THE next Ballarat City Council might consider channelling Mick Jagger when it lines up to consider the next step for the redevelopment of the Civic Hall site.
Cr Cheryl Bromfield started us off down the musical route this week, reciting from the Sound of Music, suggesting council should be going back to start at the very beginning.
I'm not advocating for the Rolling Stones to be the headline act when, or should I say if, the hall reopens to the public (as cool as that would be) but instead of the Sound of Music, maybe it should consider the 1969 hit You Can't Always Get What You Want.
The controversial Civic Hall issue which has cast a pall over the final 12 months of this council, was up for consideration again in the very late hours of Wednesday night when a new report was tabled and debated.
The Redevelopment Option Report winds its way through a plethora of methods undertaken to assess community feeling, understanding and preferences for the Civic Hall site of the future. Basically, it centralises the whole process that sections of the community claimed the council didn't follow before putting up the ill-fated council offices redevelopment proposal.
The report found option 1B - Paint, Polish and Program, the preferred choice. For the uninitiated, that means, in short, keeping the current hall and giving it and the surrounds a damn good spruce-up.
Of those that took part in the process, that option was preferred by 26 people, as their first choice. No, it's not a typo - the number is 26.
At Wednesday night's meeting there was a push both within and from outside the council to have a decision made to progress the project on the basis of the report. Effectively, such a decision would have cornered and encumbered the new council on this issue before it had even been elected. Fortunately, sanity prevailed and the Options report will be tabled before the new council. Whether it provides the answers for the sites future is still debatable.
The first issue being with such small numbers supporting the top Option choice, is can it be used for the basis of a decision given the tens of thousands of people which have an interest (every ratepayer)? Such a result wouldn't cut it in the corporate world, that's for sure. Coupled with the survey conducted late last year, the incoming council might get a better idea. Still, there's no silver bullet.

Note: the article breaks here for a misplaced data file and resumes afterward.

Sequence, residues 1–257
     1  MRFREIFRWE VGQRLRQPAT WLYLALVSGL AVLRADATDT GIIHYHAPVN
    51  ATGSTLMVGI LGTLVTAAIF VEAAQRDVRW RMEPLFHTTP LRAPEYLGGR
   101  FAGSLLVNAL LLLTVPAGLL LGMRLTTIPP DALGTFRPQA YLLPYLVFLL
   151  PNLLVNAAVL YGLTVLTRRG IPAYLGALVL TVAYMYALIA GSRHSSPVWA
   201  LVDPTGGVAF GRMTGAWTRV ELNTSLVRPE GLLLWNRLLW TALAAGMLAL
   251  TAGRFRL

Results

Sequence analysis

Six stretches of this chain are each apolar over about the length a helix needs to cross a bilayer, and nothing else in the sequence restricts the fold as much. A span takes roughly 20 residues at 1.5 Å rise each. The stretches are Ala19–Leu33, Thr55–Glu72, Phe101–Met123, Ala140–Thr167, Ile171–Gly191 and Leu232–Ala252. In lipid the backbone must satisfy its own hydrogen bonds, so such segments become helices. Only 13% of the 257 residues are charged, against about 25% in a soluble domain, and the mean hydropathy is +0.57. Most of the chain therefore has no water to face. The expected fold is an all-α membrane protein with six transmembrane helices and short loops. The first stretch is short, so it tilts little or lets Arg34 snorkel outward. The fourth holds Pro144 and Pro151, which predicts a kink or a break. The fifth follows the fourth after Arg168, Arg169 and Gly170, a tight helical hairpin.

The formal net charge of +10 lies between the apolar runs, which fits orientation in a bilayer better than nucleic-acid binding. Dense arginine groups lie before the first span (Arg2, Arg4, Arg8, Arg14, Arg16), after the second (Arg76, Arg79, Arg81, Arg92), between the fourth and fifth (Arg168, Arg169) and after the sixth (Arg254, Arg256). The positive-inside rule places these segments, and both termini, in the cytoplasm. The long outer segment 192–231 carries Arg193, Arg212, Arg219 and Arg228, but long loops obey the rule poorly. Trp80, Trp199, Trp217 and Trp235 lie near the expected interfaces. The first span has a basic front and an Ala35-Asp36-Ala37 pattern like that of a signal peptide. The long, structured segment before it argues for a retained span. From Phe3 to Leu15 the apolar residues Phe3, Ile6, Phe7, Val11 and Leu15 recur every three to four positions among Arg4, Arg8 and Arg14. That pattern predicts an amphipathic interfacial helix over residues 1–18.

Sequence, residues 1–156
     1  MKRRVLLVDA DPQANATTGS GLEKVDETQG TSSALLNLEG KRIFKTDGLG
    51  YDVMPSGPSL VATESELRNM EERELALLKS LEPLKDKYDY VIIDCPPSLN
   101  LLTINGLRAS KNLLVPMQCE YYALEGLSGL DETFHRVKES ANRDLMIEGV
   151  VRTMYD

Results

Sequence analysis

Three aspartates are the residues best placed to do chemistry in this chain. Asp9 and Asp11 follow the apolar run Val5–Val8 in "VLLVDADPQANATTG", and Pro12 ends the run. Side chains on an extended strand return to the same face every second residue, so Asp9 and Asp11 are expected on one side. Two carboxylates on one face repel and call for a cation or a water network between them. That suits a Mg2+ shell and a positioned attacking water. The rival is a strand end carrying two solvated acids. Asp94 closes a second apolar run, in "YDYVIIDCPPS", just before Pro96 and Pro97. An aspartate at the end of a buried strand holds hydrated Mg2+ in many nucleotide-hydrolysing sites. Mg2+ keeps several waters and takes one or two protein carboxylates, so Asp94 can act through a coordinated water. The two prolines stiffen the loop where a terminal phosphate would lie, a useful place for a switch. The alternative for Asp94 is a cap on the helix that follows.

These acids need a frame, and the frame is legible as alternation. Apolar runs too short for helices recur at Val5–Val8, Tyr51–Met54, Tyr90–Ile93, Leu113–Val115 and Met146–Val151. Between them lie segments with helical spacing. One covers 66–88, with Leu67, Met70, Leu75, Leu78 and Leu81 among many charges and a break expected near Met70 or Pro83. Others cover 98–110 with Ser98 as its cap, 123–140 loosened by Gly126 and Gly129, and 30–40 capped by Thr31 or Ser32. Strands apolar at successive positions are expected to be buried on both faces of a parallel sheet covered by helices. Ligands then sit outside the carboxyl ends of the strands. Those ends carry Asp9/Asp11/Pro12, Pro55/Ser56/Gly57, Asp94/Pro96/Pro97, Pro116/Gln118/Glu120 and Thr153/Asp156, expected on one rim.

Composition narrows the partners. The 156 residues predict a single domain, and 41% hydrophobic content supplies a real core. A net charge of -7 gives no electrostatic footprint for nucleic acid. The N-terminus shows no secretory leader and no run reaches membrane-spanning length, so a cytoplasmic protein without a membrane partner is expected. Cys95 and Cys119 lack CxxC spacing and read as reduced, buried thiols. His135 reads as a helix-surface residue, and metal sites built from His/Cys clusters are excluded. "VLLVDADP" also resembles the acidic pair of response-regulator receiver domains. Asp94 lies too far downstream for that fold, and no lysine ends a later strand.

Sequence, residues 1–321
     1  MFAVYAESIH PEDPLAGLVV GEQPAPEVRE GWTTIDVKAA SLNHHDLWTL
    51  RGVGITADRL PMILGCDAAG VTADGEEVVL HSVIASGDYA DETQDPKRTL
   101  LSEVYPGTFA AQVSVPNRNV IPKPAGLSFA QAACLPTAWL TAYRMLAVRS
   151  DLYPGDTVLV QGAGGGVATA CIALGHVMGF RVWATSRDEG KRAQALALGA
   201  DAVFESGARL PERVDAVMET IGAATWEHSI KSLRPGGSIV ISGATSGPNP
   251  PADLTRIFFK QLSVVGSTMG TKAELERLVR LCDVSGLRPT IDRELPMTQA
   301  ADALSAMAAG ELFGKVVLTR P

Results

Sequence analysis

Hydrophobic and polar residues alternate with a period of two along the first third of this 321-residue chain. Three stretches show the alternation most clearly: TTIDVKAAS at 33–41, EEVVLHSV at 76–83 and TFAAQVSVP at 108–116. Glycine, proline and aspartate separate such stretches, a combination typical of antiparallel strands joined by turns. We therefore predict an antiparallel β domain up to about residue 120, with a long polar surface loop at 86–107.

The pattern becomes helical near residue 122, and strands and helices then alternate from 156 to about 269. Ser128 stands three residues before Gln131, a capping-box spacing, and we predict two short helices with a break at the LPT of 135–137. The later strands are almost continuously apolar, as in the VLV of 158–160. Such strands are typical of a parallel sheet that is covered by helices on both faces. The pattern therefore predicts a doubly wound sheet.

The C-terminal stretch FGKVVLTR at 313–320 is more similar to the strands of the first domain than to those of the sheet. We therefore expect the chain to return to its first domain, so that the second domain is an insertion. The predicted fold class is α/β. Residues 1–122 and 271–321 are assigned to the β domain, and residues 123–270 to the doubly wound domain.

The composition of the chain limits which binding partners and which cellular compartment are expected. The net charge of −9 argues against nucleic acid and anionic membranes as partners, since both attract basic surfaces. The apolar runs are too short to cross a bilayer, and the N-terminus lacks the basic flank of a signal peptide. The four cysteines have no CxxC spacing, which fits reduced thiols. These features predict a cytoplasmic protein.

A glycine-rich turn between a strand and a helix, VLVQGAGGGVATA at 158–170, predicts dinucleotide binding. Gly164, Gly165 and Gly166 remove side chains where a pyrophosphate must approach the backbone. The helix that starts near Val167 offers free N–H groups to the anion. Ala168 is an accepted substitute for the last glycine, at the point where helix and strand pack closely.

The inherent problem with the Civic Hall site and many other major projects not limited to Ballarat is that inevitably, you cannot please everyone. Clearly, there was a groundswell of public opinion against the last proposal, largely based on the $40 million price tag and the perception that the community would largely be excluded from the post-development site.
But when it comes to what residents do want on the site, views and spread much wider. Often it easier to explain what you don't want, rather that what you do.
This is where the next council should consider the words of Mr Jagger. If the next council will not be able to deliver what every person in Ballarat wants, it should consider what the city really needs.
A Civic Hall site which is a vibrant hub of activity. A site where locals can gather and visitors can relax. Where business and pleasure mix. Where cultures thrive. That's what we believe Ballarat needs to continue the reinvigoration of the CBD.
If that means the hall stays or goes, is now almost immaterial.
And we are not suggesting that the new council should dismiss the thoughts of residents which have been compiled during the past 12 months. But balancing those views with what is best for the city as whole - and sticking to that direction - will deliver the best outcome.